Wednesday, December 9, 2009

The court-martial of three Navy SEALs, for purportedly punching terrorist suspect Ahmed Hashim Abed once in the gut, and the upcoming trials of Sept. 11, 2001, mastermind Khalid Shaikh Mohammed and four other Guantanamo Bay detainees in New York City illustrate a decisive shift from fighting a war on terrorism to conducting a police action.

The transition to a law enforcement mentality in our efforts to combat terrorism will create many challenges. Special operatives tracking down the world’s most menacing killers will have to make sure they have their Miranda cards handy.

If we are to try terrorists in U.S. federal court, we must ensure their capture and any evidence we will use meets the rigorous standards of our judicial system. This poses concerns about the methods and tactics our special operators use to conduct the raids that bring these savages to bay.

A raid into enemy territory to capture a terrorist alive is one of the most complex undertakings we attempt short of space flight. You could call it an intricate martial ballet, but I liken it to conducting a Beethoven symphony with all the players and instruments in free fall, hurtling toward Earth like a phalanx of lawn darts. So many facets must occur in perfect harmony that adding additional complicating factors is inviting failure.

Yet that is exactly what the law enforcement model must consider. If the information leading to a raid is not sufficient to justify a warrant, then what right do we have to kidnap a suspected terrorist? Our entire counterterror strategy is built upon the concept of high-value targets (HVTs) who are vetted by military and civilian intelligence before being put on a list as candidates for a raid.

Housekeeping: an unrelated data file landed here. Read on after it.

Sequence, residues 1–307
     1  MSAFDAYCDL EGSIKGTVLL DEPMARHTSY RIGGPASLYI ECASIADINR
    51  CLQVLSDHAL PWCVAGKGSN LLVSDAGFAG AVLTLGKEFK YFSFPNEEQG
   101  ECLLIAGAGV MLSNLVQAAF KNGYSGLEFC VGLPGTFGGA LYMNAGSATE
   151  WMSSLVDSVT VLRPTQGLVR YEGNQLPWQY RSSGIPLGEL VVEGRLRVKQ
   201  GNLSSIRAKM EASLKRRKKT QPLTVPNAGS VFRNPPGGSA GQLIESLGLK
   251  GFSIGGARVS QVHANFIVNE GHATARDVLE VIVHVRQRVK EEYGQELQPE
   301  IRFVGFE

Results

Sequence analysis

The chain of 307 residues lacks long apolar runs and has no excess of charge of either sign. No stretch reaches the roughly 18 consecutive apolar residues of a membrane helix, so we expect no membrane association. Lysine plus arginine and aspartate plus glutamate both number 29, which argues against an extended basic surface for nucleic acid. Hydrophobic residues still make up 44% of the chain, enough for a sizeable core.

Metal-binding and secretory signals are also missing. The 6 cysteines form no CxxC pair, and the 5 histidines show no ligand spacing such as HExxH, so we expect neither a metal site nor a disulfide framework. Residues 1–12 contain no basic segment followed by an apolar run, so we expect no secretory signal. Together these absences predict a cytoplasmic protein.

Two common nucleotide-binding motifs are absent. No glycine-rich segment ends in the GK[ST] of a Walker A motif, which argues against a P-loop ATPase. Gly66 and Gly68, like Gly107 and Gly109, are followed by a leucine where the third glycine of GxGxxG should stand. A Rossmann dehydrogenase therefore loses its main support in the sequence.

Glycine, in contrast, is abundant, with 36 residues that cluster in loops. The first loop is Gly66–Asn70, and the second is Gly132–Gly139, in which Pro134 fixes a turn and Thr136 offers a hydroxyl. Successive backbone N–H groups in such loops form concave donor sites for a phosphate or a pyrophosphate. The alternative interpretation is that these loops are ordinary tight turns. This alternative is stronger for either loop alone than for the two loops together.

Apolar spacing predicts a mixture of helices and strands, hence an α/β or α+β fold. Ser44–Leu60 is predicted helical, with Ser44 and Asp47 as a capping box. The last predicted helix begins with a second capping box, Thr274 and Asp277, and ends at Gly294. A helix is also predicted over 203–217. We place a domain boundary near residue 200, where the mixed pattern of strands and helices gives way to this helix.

But this process is not the same as presenting evidence to a grand jury or a judge to obtain an arrest or search warrant. The targets of these operations are not common criminals, or even war criminals. They belong to a group lower and less civilized than that, and they completely abjure all codes of conduct that would offer protections to those bound by them.

Picture the scene when we go to get Osama bin Laden.

(knock, knock, knock)

“Navy SEALs, we have a warrant.”

“Mr. bin Laden, open the door, please. We have a warrant, sir.”

“Thank you, sir. Can you please step away from that suicide vest. Thank you.”

“You, crime scene tape. You, cut the lights and get me a flashlight. I’m going to check for latent prints.”

It’s absurd, and yet our legal system would seem to require it. Now that we have him in custody, we can consider interrogating him about future al Qaeda operations. Except that we first must inform him that he has the right to remain silent and to an attorney and apparently to a show trial in New York City.

Even if we were to attempt to interrogate him, he has the word of our president and attorney general that we will not do so with any rigor. Heaven forbid he receive so much as a fat lip, as the three SEALs found out recently when they captured Abed, a butcher who murdered and desecrated four Americans in Fallujah.

These Americans now face a court-martial after Abed complained to Iraqi authorities. And the technique of waterboarding, which has been done to thousands of our own troops in training and which proved invaluable in convincing Mohammed to offer a treasure trove of intelligence? Absolutely not.

The terrorists know our playbook as well as our interrogators do, and now that we have shown what happens to our best if they even dangle a toe over the line, who is going to break the most fanatical enemies we have?

These restrictions may not be fully in place yet, but can you doubt we are on that path? The case of the three SEALs illustrates that the new system gives our special operators the perverse incentive to take no prisoners.

Why risk your career and life to truss up these barbarians and bring them back to watch cable TV in federal prison, while complaining to the press about how brutally they are being treated? If a Hellfire missile hurtling through a window and killing a terrorist and his family is due process, then so be it.

Jim Hanson was a weapons sergeant in 1st Special Forces Group and now serves as director of the Warrior Legacy Institute.

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